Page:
But we are clear on his ultimate objective for the state -- an objective, frankly, that we believe Gov. Quinn and most Illinoisans share. The question is which of the two men can change the course of Illinois history, and that dramatically.

Whatever small steps he has taken, Gov. Pat Quinn has had six years in which to put the state back on course, but ultimately has shown he is not the leader we need.

Bruce Rauner is.
Now, if we could just get past the Cult of the Executive.  As long as editorial boards expect that state governors, or presidents, are able to make good on their promises of bright shiny things, people will run for office promising bright shiny things, or to "fight" for those bright shiny things.  Just once, just once, I'd like to see someone run for state or national office on a platform of consolidation, and an aversion to change for its own sake, or just to recognize the limitations of government.

It's progress, though, for the Chicago Tribune's editorial board, in endorsing Mr Rauner, to call out Mr Quinn for mau-mauing successful people.
Quinn's obsessive attacks on a man who can afford several homes may be a deft way to change the political debate, but the crucial issue on Nov. 4 is that in today's Illinois — with so many jobs going to Texas and other hiring-friendly states — many families here can't afford one house. All of us should focus on that.
(Excerpt courtesy NBC Chicago.)

The editorial board at the DeKalb Chronicle, located in a university community with a lot of Democrat operatives with tenure, has also had enough of Mr Quinn.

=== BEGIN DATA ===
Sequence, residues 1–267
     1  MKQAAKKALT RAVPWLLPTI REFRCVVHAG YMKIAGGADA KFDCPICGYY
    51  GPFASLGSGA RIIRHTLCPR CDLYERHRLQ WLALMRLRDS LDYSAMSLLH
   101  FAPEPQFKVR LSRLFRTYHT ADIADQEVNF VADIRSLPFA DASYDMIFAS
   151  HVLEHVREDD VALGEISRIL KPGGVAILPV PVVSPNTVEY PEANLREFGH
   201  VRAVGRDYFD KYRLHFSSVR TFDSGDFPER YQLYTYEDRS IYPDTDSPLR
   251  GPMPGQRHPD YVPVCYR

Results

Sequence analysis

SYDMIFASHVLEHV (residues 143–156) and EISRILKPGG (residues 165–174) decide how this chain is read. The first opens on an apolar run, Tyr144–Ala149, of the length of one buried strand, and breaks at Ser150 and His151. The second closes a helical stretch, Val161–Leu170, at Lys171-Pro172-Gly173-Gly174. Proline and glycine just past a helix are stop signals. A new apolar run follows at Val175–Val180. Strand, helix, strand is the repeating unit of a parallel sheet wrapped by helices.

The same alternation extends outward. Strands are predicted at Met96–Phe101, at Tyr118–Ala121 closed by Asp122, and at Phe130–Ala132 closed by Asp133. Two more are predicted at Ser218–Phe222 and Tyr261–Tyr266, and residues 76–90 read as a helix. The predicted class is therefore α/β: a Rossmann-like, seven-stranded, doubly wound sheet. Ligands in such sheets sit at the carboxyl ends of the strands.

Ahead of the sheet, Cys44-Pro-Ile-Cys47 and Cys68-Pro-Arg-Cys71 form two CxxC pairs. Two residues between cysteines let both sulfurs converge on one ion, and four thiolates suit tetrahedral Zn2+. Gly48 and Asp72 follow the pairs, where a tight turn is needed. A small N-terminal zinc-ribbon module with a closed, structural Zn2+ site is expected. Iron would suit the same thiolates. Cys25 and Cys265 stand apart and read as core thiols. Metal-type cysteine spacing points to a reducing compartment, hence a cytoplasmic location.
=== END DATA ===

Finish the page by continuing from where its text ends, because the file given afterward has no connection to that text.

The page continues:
Gov. Pat Quinn has had more than five years to guide Illinois toward a brighter fiscal future.

Instead, his incompetent leadership and regressive policies have driven the state to the brink of financial collapse.
That's encouraging: higher tax rates used to be a progressive policy. But:
Illinois is bleeding jobs. State data released last month show there are 102,000 fewer Illinoisans in the workforce now than when Quinn, a Democrat, took office in 2009. That’s good for worst in the country. Illinois also is the only state in the Midwest where food stamp enrollment has outpaced job creation – by a 2-to-1 margin – since the Great Recession, again under Quinn’s watch.
Explain to me why it is bad form to speak of a food-stamp governor, or a food-stamp president? Oh, wait, that's the Democrat base.
Deadbeat state government owes social service agencies, school districts and other employers almost $5 billion for work completed months ago. Illinois’ worker’s compensation costs are fourth worst in the U.S., driving businesses and jobs elsewhere.

Quinn and Democratic state lawmakers also foisted a 67 percent income tax increase on wage earners in 2011, costing a household with annual income of $50,000 an additional $1,000 in taxes. Quinn promised it would be temporary, but now wants to make it permanent. He also wants to introduce a graduated income tax, another jobs killer.
And a graduated income tax, or increasing marginal tax rates, sometimes sails as a progressive tax rate. Priceless.

The editorial writers take a tone skeptical toward the Cult of the Executive.
Rauner admits he does not have all the answers. He understands Illinois’ financial situation is so dire, he will need help. He vows to surround himself with talented people whose focus will be righting the state’s fiscal ship, not political cronies looking for more taxpayer-funded handouts.

Rauner doesn’t need this job. He said he’s running because he believes in Illinois and wants to make it a better place to live. Bruce Rauner gives Illinois hope.

Gov. Pat Quinn offers more of the same failures.
I suppose it would be too radical to write an endorsement that didn't have "hope" or "change" in it, someplace.